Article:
Friday Link List

1. Comcast’s Real Repairman {new york times}

Thorough overview of Comcast chief David Cohen. Gave me a much better insight into the Time Warner proposal.

Love this part:

Mr. Cohen, who has remained close to Mr. Bradley, smiles when reminded of the long-ago campaign. “That’s just my view of the world,” he says. “Always be more prepared than anyone else, because there’s a huge advantage to knowing everything that might be asked and having given at least some thought to the answer.”

2. TEDification v. Edification {design observer}

Smart, long take on the explosion of the TED talk. Among my favorite parts:

TED lays out the right path: popular access to advanced knowledge about big subjects. But the project has to be redirected as a process of enquiry rather than epiphany, requiring not only passion but also patience. Consider that one of the fundamental challenges for design is to confront what Horst Rittel described four decades ago as the wicked problem. For wicked problems there are no real solutions, only makeshift and contingent negotiation. “Dealing with wicked problems,” Rittel conceded, “is always political.” [21] The incessant waves of eighteen minutes of epiphanic techno-complexity are working to deny complexity — to deny the wickedness of wicked problems, to detach us from their political reality, to deny our limited ability to solve them and to encourage hubris where we need humility.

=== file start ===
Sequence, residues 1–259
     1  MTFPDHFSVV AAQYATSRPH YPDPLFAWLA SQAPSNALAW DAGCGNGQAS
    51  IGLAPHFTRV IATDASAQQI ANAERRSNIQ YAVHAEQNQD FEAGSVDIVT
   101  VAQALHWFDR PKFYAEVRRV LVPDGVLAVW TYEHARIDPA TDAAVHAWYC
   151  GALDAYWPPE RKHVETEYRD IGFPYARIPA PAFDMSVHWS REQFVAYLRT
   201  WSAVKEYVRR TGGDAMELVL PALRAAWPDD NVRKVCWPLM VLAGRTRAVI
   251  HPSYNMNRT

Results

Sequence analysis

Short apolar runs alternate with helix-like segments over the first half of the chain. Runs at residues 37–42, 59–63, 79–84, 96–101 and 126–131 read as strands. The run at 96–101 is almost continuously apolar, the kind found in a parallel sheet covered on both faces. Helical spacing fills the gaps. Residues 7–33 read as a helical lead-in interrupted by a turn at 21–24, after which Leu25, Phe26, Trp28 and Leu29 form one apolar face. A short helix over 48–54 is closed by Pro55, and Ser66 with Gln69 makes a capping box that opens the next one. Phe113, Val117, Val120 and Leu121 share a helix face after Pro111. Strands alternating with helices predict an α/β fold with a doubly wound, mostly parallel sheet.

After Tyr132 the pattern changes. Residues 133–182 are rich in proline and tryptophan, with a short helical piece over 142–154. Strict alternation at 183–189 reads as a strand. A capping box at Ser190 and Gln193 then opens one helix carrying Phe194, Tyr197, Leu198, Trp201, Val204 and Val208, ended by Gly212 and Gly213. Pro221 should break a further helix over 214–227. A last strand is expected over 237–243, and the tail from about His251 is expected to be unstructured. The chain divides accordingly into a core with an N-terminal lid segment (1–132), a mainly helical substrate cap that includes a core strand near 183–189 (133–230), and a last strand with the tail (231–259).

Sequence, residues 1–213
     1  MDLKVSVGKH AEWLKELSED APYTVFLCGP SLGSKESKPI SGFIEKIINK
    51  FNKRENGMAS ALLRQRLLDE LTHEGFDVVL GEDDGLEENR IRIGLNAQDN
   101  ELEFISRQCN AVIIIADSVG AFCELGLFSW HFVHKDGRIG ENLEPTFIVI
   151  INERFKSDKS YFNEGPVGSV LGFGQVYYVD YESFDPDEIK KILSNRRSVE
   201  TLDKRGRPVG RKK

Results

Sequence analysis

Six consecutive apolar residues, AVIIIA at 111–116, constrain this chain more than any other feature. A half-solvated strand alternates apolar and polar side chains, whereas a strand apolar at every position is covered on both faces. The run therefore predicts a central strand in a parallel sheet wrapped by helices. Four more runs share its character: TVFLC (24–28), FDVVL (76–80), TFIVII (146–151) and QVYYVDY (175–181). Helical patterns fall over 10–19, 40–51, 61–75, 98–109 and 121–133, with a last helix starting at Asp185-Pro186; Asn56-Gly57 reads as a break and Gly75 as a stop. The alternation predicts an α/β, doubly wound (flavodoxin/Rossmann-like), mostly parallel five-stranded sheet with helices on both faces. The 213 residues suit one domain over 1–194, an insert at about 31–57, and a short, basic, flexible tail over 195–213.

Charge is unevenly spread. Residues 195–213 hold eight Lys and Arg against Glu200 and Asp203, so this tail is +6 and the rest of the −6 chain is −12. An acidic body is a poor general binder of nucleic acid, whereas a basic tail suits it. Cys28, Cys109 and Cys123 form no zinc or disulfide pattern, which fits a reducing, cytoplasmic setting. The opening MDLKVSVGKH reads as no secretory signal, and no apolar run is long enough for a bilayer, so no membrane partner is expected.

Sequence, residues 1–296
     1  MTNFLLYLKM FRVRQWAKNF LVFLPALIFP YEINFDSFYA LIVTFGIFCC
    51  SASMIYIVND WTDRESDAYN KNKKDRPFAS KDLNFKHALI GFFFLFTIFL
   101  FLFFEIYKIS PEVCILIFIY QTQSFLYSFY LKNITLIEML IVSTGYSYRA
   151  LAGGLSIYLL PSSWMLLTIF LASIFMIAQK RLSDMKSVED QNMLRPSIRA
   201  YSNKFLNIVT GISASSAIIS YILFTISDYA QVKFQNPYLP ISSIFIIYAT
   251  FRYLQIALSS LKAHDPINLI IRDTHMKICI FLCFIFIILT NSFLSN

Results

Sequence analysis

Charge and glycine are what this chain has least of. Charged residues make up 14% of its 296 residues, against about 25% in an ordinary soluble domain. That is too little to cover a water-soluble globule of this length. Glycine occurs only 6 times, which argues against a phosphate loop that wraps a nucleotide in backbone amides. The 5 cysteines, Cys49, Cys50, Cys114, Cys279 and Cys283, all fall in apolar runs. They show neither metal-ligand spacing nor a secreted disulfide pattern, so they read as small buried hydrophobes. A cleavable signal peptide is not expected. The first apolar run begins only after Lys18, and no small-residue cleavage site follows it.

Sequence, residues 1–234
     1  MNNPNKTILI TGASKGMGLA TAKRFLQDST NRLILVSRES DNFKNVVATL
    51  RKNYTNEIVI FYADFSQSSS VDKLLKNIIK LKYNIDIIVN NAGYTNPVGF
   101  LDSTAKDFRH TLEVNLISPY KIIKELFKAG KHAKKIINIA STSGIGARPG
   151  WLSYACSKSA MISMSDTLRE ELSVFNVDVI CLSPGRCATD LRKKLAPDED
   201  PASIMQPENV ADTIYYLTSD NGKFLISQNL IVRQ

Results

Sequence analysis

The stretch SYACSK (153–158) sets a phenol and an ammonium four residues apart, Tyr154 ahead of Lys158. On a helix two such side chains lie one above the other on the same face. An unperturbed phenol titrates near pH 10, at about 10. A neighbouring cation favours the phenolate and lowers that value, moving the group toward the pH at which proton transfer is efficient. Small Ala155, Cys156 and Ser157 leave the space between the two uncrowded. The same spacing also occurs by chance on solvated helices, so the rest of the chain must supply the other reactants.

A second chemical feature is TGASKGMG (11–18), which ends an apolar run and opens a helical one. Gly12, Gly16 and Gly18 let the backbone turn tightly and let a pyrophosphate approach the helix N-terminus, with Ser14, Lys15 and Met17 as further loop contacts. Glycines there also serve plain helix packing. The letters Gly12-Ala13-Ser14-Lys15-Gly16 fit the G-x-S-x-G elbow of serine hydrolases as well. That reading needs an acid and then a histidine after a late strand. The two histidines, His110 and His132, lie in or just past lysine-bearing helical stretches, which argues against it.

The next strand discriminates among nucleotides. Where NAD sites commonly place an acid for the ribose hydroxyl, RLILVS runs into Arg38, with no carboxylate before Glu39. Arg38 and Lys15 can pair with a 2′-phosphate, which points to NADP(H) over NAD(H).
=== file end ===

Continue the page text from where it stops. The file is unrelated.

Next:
3. Google’s Road Map to Global Domination {new york times}

Google v. the world.

A Frenchman who has lived half his 49 years in the United States, [Luc] Vincent was never in the Marines. But he is a leader in a new great game: the Internet land grab, which can be reduced to three key battles over three key conceptual territories. What came first, conquered by Google’s superior search algorithms. Who was next, and Facebook was the victor. But where, arguably the biggest prize of all, has yet to be completely won.

Where-type questions — the kind that result in a little map popping up on the search-results page — account for some 20 percent of all Google queries done from the desktop. But ultimately more important by far is location-awareness, the sort of geographical information that our phones and other mobile devices already require in order to function. In the future, such location-awareness will be built into more than just phones. All of our stuff will know where it is — and that awareness will imbue the real world with some of the power of the virtual. Your house keys will tell you that they’re still on your desk at work. Your tools will remind you that they were lent to a friend. And your car will be able to drive itself on an errand to retrieve both your keys and your tools.